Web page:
Taphophobia: Saved By the Bell?

Whether it’s a full-blown phobia or something that just scares the bejeezus out of you, we all have that one thing that makes us weak in the knees. Maybe it’s ghosts, clowns, or even spiders. For me, my biggest fear is that of being buried alive. No, of course this is not rational. But in my defense, most people’s deepest, darkest fears are irrational. That’s part of why they scare us so much. My fear falls somewhere between a phobia and something that keeps me up on those dark, lonely nights. My fear even has a fancy name: Taphophobia.
Before the days of modern medicine, this wasn’t just an irrational fear; it was a real occurrence. The hysteria was especially rampant during the 18th and 19th centuries, when cholera was at its worst and people were dying everywhere. The number of cases of people being buried alive during that time is shocking.
What would it be like if one was buried alive? It would be complete darkness, with no room to move, limited air and no food. One would eventually starve to death, if you didn’t go crazy first.
The hysteria was only worsened by Edgar Allan Poe and his horrific works of literature. He thrived off the madness, s it inspired short stories such as his 1894 tale, “The Premature Burial.” His work perpetuated the public’s panic. Being buried alive was a common theme in Poe’s stories, as it’s highlighted in several of his books, such as: “Berenice,” “The Cask of Amontillado,” “The Fall of the House of Usher,” and the short tale, “The Black Cat.”
As a result of society’s growing paranoia, measures were taken to ensure that those who were buried alive would survive. Unfortunately, this was only a luxury for the rich, such as Duke Ferdinand Brunswick-Luneberg, who commissioned an expensive, specialized casket in 1792, which became the first in a long line of what became known as Safety Coffins. These caskets came complete with a window, a tube through which one could breathe, a lock on the hatch and the keys for said lock in one’s pocket.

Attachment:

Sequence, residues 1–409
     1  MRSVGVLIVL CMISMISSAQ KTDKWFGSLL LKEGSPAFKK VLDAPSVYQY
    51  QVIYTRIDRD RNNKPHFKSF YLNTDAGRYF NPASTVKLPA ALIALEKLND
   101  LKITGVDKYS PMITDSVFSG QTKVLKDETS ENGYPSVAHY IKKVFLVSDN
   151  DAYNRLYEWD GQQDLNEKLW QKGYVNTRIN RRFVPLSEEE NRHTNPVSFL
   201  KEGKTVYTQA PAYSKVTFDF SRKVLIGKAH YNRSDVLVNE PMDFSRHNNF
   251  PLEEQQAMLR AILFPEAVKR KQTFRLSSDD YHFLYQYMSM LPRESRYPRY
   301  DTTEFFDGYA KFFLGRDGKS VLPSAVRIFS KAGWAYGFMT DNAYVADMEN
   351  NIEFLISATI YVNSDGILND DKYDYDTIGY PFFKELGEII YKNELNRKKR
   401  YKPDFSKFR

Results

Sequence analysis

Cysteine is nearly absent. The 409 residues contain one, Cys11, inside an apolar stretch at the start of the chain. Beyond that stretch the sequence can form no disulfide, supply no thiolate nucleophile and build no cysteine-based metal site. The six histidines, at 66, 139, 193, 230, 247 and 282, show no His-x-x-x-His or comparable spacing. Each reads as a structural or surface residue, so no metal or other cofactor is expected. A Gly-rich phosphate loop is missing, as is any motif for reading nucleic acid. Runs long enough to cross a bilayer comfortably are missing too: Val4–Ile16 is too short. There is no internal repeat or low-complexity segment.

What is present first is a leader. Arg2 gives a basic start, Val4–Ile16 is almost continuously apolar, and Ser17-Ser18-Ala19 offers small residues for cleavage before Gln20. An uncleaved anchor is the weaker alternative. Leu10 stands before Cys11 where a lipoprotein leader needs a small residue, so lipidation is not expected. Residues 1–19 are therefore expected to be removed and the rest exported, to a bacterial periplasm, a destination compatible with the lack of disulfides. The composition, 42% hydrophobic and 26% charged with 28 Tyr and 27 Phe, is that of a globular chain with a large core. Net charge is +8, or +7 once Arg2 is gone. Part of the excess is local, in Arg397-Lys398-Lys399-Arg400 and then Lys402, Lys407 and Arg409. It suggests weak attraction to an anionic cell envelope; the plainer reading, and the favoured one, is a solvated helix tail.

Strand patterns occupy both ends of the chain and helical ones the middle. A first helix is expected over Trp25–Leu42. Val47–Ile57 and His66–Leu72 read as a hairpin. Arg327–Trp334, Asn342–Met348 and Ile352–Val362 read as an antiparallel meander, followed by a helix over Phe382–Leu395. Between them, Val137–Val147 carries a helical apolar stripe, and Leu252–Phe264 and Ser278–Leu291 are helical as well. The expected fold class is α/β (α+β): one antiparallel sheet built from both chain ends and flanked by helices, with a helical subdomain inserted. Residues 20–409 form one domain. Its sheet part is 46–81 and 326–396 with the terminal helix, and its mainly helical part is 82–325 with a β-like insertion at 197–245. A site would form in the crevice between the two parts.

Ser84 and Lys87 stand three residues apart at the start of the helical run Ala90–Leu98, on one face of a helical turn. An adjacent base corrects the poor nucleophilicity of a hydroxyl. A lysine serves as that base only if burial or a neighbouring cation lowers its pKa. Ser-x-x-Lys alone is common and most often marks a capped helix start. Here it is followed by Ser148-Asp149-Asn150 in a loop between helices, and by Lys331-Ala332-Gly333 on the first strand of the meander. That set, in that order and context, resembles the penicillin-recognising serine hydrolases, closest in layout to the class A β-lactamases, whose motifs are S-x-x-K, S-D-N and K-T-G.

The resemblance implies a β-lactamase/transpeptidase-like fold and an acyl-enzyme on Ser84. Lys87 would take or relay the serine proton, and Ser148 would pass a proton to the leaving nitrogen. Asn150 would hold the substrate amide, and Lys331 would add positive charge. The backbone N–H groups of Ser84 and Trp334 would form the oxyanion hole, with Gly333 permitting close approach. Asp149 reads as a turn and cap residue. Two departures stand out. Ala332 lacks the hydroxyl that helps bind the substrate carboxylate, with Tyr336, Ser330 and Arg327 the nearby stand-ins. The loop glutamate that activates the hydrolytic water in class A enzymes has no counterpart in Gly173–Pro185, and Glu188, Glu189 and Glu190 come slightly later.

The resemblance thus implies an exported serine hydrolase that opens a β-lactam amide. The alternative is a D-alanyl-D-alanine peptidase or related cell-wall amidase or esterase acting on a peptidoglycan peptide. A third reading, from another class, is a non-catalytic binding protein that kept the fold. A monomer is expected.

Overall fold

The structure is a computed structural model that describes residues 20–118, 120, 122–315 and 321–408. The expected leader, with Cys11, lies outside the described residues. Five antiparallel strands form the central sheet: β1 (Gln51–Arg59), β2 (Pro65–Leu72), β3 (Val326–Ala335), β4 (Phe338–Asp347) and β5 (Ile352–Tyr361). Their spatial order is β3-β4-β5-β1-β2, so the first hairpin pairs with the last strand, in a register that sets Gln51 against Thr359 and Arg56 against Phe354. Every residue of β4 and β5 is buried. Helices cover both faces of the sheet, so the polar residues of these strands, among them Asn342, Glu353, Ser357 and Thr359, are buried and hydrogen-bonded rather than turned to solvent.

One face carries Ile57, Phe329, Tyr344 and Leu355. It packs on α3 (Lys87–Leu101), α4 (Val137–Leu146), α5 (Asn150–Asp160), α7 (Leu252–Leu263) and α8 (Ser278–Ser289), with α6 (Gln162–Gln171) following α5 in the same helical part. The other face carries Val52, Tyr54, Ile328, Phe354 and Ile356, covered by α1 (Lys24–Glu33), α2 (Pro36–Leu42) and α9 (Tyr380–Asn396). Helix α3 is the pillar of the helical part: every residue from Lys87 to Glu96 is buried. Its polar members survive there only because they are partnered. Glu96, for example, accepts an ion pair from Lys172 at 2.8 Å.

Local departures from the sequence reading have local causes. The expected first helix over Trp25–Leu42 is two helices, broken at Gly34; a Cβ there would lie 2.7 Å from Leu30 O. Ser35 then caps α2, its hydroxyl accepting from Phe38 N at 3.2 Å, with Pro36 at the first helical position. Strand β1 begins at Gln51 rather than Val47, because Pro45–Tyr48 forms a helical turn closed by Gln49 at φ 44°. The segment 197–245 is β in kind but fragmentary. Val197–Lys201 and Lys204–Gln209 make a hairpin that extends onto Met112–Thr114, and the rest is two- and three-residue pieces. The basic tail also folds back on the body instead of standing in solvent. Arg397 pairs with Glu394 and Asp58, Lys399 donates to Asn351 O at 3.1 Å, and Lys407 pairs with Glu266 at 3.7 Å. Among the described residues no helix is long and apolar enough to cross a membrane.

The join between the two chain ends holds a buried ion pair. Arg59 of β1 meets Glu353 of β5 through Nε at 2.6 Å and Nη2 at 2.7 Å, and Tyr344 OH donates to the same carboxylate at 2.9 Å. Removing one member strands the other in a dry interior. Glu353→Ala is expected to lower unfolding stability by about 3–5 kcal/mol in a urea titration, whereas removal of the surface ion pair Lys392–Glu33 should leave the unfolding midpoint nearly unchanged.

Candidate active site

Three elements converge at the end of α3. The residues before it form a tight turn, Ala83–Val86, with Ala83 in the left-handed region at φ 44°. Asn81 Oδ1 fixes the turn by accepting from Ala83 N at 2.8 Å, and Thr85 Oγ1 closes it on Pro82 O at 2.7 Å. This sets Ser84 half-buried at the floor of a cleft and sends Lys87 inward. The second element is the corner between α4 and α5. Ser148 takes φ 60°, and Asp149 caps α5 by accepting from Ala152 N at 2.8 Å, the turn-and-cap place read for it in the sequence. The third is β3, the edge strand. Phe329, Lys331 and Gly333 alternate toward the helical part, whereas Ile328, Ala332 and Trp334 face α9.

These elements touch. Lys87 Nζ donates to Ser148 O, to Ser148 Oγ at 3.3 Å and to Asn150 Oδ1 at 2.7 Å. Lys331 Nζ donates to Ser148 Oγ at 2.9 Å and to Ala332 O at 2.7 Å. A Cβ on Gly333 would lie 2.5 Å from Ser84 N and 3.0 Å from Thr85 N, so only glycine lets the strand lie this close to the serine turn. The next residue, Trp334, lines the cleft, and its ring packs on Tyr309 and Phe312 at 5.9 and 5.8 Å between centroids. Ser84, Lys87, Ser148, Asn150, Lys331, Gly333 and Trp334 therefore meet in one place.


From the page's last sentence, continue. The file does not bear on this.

Variations of these coffins were made over the years. Most notably was Dr. Johann Gottfried Tarberger’s 1829 coffin, which came with a pulley system that caused an above ground bell to ring, alerting the cemetery night watchman. Once the bell rang, the watchman was to insert a tube into the coffin and fill it with air using bellows, until which time the coffin could be exhumed.
Interesting so far, right? Well, “folk etymology” (development of words and phrases) tells us that there are three well-known phrases still used today, which originated due to the development of Safety Coffins. The phrases, “Saved by the Bell,” “Dead Ringer,” and “Graveyard Shift,” are all said to have originated in the 1800’s, thanks to Taphophobia.
Unfortunately, as neat and gruesome as it would be, the phrase, “Saved by the Bell,” actually originated as a boxing term. It’s when a fighter who is nearly knocked-out perseveres until the bell rings, avoiding a loss in that round. Still, the etymology, or source, of the sayings, “Dead Ringer,” and “Graveyard Shift,” are still thought of as originating from the usage of Safety Coffins in the 18th and 19th centuries.
Now, what does any of this have to do with my fear of being buried alive? When I was little and found out about Safety Coffins and their bells, I couldn’t imagine being buried in any other coffin. What if I came back to life? Or if I wasn’t dead? How would anybody know? Thankfully, there have been tremendous medical advances since the 1800’s so most of us no longer have to suffer from Taphophobia.
So, why shouldn’t we be worried about being buried alive? Just ask any mortician. To put it bluntly, our corpses are pumped full of three gallons of embalming fluid, which seeps into the body cavity and arteries in order to preserve the body temporarily for wakes, funerals, and other religious traditions.
The ingredient in embalming fluid that we’re most familiar with is formaldehyde, which makes up 50 percent of the fluid’s contents. Little do most people know that we are exposed to formaldehyde every day. Scientists must use it to preserve tissues, but it has other uses, such as in pesticides and fertilizer. It can also be released into the air from common sources such as cigarettes and exhaust pipes. Trace amounts can also be found in our drinking water! So, exactly how dangerous is our exposure to formaldehyde?
Don’t worry; chances are, you’re okay. The real harm comes from ingesting the stuff. One ounce of formalin, a concoction that contains 37 percent formaldehyde, can cause a number of ailments, such as convulsions, respiratory failure, stomach pain, vomiting and diarrhea — if it doesn’t put you in a coma or kill you first. Needless to say, if you’re body is pumped full of three gallons of embalming fluid, you’re not going to be waking up. Now, let’s just hope you’re dead when you arrive at the morgue.

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